buyer’s diary


The depot is looking immaculate this morning.

Sunday was busy and seasonal products are at last beginning to move but why do independents leave it so late? Our delivered business volumes are ahead of last year and a stroll past the cages awaiting delivery to retailers was reassuring. Experience tells us not to be nervous so early on there will be plenty of trading between now and the New Year.

Two tins of Quality Street or Roses Chocolates for a tenner looked like the buy of the season at Sainsbury’s until they replaced it with a pound;4 single tin deal. Sometimes it doesn’t pay to buy early for Christmas!

Meanwhile, better than half price wine and champagne deals from the multiples, combined with a massive increase in availability of duty fraud stock into the independent sector, have decimated our wine sales throughout November. Even allowing for the closure of hundreds of Thirst Quench retail outlets, many in locations close to our licenced customers, prospects remain bleak for Christmas.

Elsewhere, the Co-op has joined the Christmas price war by cutting up to pound;200m off prices this month and tripled its divi on selected products.


January’s VAT increase means a lot of work for our retail club members so we have a new retail price file for them.

Price marked packs that carry VAT, particularly cigarettes and confectionery, present the biggest issue and it looks like retailers will have to take the loss of margin on the chin rather than upset customers at the till.

The marketing guys at Kimberly-Clark are on a roll! On the launch of Andrex Shea Butter early this year they claimed to be “breaking the boundaries of the category, challenging concepts, representing innovative, big brand behaviour and helping the brand to stand out despite the current economic climate” (take a breath). Their latest “boundary breaking innovative example of big brand behaviour” is the seasonal introduction of Andrex toilet rolls carrying Christmas designs. Even a puppy could work that one out.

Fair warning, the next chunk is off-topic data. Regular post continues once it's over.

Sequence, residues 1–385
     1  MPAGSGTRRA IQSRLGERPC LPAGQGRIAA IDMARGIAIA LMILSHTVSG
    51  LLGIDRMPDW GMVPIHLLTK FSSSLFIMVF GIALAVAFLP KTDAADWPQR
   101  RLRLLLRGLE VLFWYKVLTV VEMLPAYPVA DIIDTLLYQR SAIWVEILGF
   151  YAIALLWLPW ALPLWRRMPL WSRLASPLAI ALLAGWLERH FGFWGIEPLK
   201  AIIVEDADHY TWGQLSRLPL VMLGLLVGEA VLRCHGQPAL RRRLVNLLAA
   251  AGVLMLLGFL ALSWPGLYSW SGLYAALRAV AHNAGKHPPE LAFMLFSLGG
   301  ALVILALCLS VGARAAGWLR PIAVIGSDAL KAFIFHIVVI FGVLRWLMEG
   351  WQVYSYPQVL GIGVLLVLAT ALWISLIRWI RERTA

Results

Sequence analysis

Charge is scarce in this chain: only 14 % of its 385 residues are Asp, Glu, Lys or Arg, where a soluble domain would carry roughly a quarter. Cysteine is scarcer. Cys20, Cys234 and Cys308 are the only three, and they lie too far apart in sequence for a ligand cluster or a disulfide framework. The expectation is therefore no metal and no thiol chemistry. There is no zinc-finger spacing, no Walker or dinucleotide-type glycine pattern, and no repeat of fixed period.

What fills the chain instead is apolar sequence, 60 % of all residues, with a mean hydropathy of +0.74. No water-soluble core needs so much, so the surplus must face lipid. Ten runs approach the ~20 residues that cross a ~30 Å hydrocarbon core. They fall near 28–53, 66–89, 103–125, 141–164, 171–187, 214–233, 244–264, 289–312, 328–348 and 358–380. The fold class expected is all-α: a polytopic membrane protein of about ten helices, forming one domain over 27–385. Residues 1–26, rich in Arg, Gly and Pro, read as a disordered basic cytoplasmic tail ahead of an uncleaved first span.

Unilever’s announcement to rationalise their product ranges last month was warmly received by our buyers. Other major suppliers should take a leaf out of their book and do the same. Unilever can be assured of our full support, helping us to reduce our stock holding and free up space for other categories.


It’s not just TV companies and magazines who are struggling for advertising revenue.

Suppliers are reviewing their investment in our sector but our marketing and product promotion programmes are dependent on their backing. Our buyers are increasingly concerned about maintaining an effective and balanced programme for 2010. We must avoid accepting deals on secondary and tertiary lines for the sake of achieving income targets.

I may have been premature in suggesting that office and works parties would be cancelled this Christmas because of the recession. says recent research shows there has been a significant rise in Christmas party bookings and that up to 40% of the country’s work force will have something to look forward to, even if they have to contribute towards it themselves. We need some of that business to come our way.

Goods-in are reporting an increasing number of short deliveries. This is putting a lot of pressure on the buyers who must chase up outstanding orders or find alternative supplies. The thing we hate most of all is being let down by suppliers and going out of stock.


Someone should tell Lidl that if they don’t want to annoy their customers and lose Features > Business, the least they can do is be in stock of products they are promoting, particularly on the first day.

Unlike most stores, they announce their special offers at least a week in advance so it shouldn’t be too difficult for them to get some stock onto the shelf.

The recession is being blamed for a relatively static energy drinks market. As one expert claimed, declining sales growth is a sign of a maturing market, but this category is more congested than the M25 on a Friday night. It is grossly over-supplied with too many brands, too many promotions and to make things worse, a plethora of shots has arrived on the scene. Own labels have not helped either. There is, however, still plenty of profit to be made from the category. We just need to focus on the few.


The FWD Gold Medal Awards in London was a great night out not just an opportunity to reveal and reward excellence in our industry but to enjoy some good banter with our competitors and leading suppliers.

Now back to the battle.

Look back at the highlights of the past year the demise of Woolies, the revival of Cadbury’s Wispa, Oxo with the Xfactor, Cajun Squirrel flavoured crisps (did someone make that up?), the chewing gum wars, Benson amp; Hedges Rolling Tobacco, the launch of Rowntree’s Randoms, retro-packaged Wagon Wheels and the First Quench collapse just a few events drawn from my diary. Could we have predicted them, or their impact on trade?

We will have the World Cup in South Africa, a General Election and the relaxation of product placement rules on TV to influence business in 2010. Lots of new products, too, we hope we love them maybe even a long overdue launch of the Hershey bar from a newly merged Cadbury/Hershey corporation! Naturally we also want to see an increase in consumer confidence as we (hopefully) come out of recession.

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